Here is an old video of a basic incandescent light source made from a pencil lead and DC voltage source:
I liked this project because it reminds me of Edison’s original lightbulb design, which also had a carbon filament (made from charred bamboo). Naturally, the carbon gets exceptionally hot (incandescence, by definition, is the process of heating up an object enough that it releases light), and so this method risks shattering the carbon rod in a process similar to what happened in my arc welding project.
Most modern incandescent lights house a tungsten filament within a vacuum glass envelope, which extends the lamp lifetime by preventing the filament from oxidizing (“burning out”) in the air. Many theatres use what are known as Tungsten-Halogen bulbs, in which a reactive gas is contained within the envelope. As the filament burns, it reacts with the gas in an extended process that ends up eventually returning elemental tungsten to the filament. Of course, not all of the tungsten is deposited on the filament, causing TH lamps to gradually develop a “mirror” coating of tungsten that impedes their luminosity. But while this process is far more efficient than Edison’s original vision for incandescence, the mechanics of the process remain essentially the same.
Physically, incandescence can be modelled by what is known as a “blackbody” radiator, a hypothetical object that reflects no light. If such an item is heated to a specific temperature, it will start to release light of a very specific, predictable color (known as its “color temperature”). While no objects are truly black bodies, the construction provides a useful guide for predicting the behavior of real-word systems. As the name implies, by examining the color temperature or object, scientists can infer the temperature—a process vital to the study of distant stars and galaxies.
The reason for the relationship between color and heat is simple: As bodies (black or otherwise) absorb more and more heat, their electrons begin to jump to higher energy levels, in a process similar to carrying a heavy ball up a set of stairs: If I am willing to put in a little work, I can move a weight up one step at a time. If I put in a little less effort than what is need to go up a full step, I’ll end up not moving the ball anywhere all; the ball can’t go up half a step. Likewise, only certain, discrete amounts of heat energy(known as quanta) are absorbed by the atoms within an object. As these are absorbed, the electrons move into progressively higher-energy orbits– higher steps. Eventually, something happens to knock them off their high horse, and they end up falling back down to their original orbits– just as eventually my cat nuzzles my ball and causes it to fall back down the stairs. In falling, the ball gets rid of all of its energy by clattering and damaging my tile floors; in the atom, the electrons release their excess energy by emitting light.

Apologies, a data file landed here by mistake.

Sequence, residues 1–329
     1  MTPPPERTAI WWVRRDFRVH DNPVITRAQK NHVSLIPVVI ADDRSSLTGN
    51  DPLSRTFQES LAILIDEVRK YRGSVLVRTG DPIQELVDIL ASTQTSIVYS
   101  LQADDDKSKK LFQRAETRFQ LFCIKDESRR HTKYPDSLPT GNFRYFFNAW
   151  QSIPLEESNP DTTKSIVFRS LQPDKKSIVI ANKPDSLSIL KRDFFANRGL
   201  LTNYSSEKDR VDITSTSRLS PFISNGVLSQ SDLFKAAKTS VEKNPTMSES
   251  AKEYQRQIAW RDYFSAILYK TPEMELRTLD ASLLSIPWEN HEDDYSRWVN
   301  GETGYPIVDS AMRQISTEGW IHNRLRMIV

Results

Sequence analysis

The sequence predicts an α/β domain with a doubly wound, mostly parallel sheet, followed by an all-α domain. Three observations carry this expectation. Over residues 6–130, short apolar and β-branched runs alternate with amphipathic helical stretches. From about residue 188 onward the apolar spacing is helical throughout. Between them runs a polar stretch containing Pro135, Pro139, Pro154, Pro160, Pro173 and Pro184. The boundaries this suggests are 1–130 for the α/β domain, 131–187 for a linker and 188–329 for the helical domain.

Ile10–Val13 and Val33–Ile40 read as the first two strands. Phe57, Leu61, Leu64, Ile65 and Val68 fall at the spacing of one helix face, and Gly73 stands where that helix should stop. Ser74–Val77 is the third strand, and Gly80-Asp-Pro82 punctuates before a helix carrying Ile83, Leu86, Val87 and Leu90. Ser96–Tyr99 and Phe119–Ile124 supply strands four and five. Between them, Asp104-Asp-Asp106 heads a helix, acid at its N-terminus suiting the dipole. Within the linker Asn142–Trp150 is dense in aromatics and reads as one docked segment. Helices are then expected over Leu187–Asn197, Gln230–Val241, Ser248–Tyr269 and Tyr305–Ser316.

The color of light is closely related to how much energy it has, and so higher energy/temperature objects tend to release higher energy colors. Visually, this actually corresponds to cooler tones– red hot is less serious than, say, white-hot or blue hot. Thus when astronomers see a blue star, they can tell that it’s still young and hot, because its temperature and appearance are inextricably linked.
Of course, there are other ways to excite electrons and create light– fluorescent and LED lights make use of stimulation from electrical fields to move electrons up the stairs, often at far greater energy efficiency than incandescent lights. But many lighting designers still prefer incandescence, purely for the warm glow caused by its low color temperature.
Worth noting in the video is that the light tends to flash on and off at a steady rate. Instead of using a battery, I opted for a 60 Watt AC to DC converter. My model, which was bought from a portable refrigerator company, includes a special protective circuit that shuts off the device when the current gets too high. After waiting some time, the current resumes, only to find that the short is still present.